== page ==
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effort of the International Human Genome Sequencing Consortium, led by the U.S. National Human Genome Research Institute but also comprised of the DOE, the Wellcome Trust, and many other partners, whereas the Science paper resulted from the more recent effort of Celera Genomics Corporation, a private company based in Maryland. Although the consortium had practiced, since 1996, a policy of unrestricted rapid release (and deposition into GenBank) of their sequencing data as they proceeded, Celera put its data up on its Web site ( www.celera.com) upon publication in Science. Celera and Science worked out a limited-access arrangement. On April 5, 2002, Science published two papers 6,7 reporting the draft genome sequences for two subspecies of rice, Oryza sativa; one is from Syngenta International Inc.'s Torrey Mesa Research Institute and was published with limitations on data access essentially identical to those associated with Celera's human genome sequence publication. Considerable controversy has resulted from these policies; however, this presents a challenge to make constructive suggestions for ways to move forward that might reduce the impasse and perhaps promote greater data sharing.

One possibility that has been proposed in various contexts 8 is to start a clock on the deposition of certain data whereby a journal or other depository agrees to restrict access to the source data underlying a paper for a specified duration; other data could be housed with a trustee who ensures that the data were indeed deposited at the agreed time. Careful provisions would be required both for how long the clock is set to run as well as precisely when it starts, but the idea is to permit a set duration for commercial exploitation (including the filing of patent applications) on inventions derived from the data. The U.S. Patent and Trademark Office allows up to one year before a provisional patent application is converted to a utility patent application, giving an applicant time to perform additional research toward developing an invention while retaining the early priority date; thus one year might be a reasonable time for such a clock to run, but this would be subject to negotiation. This is similar to past practices with databases such as the Protein Data Bank.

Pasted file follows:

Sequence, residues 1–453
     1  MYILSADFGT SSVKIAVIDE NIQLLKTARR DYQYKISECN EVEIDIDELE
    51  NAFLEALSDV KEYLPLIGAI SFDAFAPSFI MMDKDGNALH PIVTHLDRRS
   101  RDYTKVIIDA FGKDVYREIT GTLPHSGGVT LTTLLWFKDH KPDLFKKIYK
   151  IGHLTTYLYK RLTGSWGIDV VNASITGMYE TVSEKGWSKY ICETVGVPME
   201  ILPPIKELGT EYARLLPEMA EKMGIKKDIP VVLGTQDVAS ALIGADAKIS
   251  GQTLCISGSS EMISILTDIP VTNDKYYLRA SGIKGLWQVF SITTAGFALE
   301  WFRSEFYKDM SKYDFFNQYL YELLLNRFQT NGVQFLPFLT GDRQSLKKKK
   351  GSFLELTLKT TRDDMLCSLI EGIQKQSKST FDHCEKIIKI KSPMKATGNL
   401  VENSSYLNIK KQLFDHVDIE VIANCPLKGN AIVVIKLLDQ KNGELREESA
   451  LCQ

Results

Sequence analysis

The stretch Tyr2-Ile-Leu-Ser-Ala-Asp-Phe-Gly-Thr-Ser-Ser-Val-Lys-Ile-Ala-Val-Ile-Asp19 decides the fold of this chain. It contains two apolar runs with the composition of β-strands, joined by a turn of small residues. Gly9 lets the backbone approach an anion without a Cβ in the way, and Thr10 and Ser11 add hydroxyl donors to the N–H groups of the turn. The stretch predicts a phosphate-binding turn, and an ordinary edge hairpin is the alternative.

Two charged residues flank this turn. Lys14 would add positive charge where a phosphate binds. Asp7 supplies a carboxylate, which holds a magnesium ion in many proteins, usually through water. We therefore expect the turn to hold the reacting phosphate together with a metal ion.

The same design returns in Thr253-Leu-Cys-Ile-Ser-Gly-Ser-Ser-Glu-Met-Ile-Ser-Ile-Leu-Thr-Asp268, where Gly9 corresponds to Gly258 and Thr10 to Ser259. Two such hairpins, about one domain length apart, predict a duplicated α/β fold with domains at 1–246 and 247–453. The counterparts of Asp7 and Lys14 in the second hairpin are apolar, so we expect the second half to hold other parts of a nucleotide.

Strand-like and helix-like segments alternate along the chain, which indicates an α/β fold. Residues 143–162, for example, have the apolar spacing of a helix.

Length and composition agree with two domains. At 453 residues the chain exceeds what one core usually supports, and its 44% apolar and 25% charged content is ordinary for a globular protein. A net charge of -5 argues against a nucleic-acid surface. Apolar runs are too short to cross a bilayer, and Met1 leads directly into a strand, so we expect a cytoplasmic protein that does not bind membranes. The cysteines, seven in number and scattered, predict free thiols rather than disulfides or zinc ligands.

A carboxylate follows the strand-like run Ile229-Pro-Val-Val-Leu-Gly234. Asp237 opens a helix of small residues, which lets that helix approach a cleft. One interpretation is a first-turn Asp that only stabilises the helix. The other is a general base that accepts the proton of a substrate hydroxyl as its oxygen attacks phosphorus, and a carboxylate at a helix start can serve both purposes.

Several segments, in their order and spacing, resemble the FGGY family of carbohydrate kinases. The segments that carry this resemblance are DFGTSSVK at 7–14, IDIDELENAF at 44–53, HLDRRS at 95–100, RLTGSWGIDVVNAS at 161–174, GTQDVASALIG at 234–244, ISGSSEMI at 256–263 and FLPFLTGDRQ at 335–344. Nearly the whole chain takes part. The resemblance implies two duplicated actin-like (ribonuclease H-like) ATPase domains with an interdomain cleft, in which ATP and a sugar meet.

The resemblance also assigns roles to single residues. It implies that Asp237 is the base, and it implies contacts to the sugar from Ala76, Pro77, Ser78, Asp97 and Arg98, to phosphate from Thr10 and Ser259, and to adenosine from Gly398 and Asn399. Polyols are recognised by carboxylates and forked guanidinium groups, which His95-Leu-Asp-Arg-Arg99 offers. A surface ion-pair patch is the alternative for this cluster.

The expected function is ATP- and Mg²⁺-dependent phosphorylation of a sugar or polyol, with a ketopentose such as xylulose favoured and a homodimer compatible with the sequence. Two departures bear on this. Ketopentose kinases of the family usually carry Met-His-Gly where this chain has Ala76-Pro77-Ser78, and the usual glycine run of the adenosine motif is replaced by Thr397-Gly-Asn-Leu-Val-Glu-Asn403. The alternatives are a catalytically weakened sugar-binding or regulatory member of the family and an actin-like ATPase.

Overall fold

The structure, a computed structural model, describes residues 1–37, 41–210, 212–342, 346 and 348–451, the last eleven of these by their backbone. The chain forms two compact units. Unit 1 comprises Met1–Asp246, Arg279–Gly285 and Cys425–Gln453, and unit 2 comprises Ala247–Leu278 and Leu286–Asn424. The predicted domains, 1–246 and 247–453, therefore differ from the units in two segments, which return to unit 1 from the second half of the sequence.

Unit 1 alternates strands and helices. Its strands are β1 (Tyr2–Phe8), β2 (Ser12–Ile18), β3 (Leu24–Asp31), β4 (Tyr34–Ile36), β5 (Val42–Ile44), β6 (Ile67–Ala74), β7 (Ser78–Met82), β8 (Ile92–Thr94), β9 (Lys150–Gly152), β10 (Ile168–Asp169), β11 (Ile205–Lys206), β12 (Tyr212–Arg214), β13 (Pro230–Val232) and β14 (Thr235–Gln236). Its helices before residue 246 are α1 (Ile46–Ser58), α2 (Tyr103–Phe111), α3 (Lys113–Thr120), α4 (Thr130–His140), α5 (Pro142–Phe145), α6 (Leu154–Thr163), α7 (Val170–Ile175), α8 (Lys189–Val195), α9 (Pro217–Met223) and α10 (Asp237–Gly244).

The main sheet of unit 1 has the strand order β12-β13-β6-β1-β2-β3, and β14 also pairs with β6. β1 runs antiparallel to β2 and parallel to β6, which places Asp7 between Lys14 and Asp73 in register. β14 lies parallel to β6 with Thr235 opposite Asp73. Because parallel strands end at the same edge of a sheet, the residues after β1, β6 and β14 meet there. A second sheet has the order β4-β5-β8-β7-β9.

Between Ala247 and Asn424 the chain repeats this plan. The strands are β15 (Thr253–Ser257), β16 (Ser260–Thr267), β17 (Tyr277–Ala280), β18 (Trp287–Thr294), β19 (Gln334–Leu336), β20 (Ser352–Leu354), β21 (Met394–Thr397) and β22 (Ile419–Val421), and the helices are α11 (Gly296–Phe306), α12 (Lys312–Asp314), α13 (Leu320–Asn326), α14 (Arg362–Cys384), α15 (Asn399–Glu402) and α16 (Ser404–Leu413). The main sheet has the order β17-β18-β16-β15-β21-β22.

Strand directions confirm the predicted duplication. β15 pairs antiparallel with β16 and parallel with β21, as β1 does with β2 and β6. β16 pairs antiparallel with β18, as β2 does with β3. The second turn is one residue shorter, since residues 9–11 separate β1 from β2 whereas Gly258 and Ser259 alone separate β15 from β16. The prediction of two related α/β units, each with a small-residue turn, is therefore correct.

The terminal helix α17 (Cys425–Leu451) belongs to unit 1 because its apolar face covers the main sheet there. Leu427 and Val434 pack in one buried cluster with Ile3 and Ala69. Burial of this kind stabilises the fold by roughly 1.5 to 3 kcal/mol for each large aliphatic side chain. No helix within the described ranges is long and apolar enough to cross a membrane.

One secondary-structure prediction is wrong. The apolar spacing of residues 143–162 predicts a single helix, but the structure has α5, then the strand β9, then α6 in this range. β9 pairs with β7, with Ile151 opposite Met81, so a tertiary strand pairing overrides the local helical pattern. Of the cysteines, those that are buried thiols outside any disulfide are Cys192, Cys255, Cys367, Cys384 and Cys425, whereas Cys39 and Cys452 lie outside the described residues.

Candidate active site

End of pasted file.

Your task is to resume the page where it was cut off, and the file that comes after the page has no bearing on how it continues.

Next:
The responsibility for implementing this scheme could rest with the journal or with a respected nonprofit foundation (e.g., the Institute for Scientific Information or the Federation of American Societies for Experimental Biology). In consultation with GenBank (or a relevant public repository), the journal (or foundation) could provide access to the necessary files upon the expiration of the clock. It would be very useful to know the consequences of varying clock “periods,” as well as just how much privately held data actually contribute to the commercial viability of a company; such studies would provide valuable insights.

As time goes by, data lose value both as new discoveries (and, in particular, new technologies for reacquisition of the same data) are made and as science, as is its wont, proceeds unpredictably into new areas. This clock mechanism would allow a company to publish valuable data that would otherwise remain private while offering some protection for a limited duration for the company to use the data exclusively. This role might be uncomfortable for journals and trustees, so it is important to explore fully a mechanism that all sides would have confidence in. An added concern could arise if implications for national or international security (for example, potential detection signatures in a pathogen's genomic sequence) emerged while the data were held on deposit before publication.

There is an urgent need to find ways of giving incentives to the private sector, which now controls vast amounts of valuable data that have no obvious short-term commercial value but could be of great potential research value. Most of the human genome sequence (about 98 percent of it) is noncoding; allowing greater access to this part of it would not seem to threaten Celera's stated goal of discovering candidate drugs based on those portions of the genome that encode expressed proteins. In addition, as is becoming ever clearer, the sheer volume of data from high-throughput sequencing centers (such as the Sanger Center in Great Britain or DOE's Joint Genome Institute) challenges even the most advanced and sophisticated labs to mine it for value within a reasonable time frame.

Can incentives be defined that would induce Celera, Syngenta, and other similar companies to relax the access restrictions for some of their data? That question deserves to be explored because the benefits move in both directions, with academic expertise becoming more available to private-sector companies and the science carried out in the


6J. Yu et al. 2002. “A Draft Sequence of the Rice Genome (Oryza sativa L. ssp indica),” Science 296: 79-92.

7S. A. Goff et al. 2002. A Draft Sequence of the Rice Genome (Oryza sativa L. ssp. Japonica),” Science 296: 92-100.

8Petsko, G. 2002. “Grain of Truth,” Genome Biology 3(5): 1007.1-1007.2.



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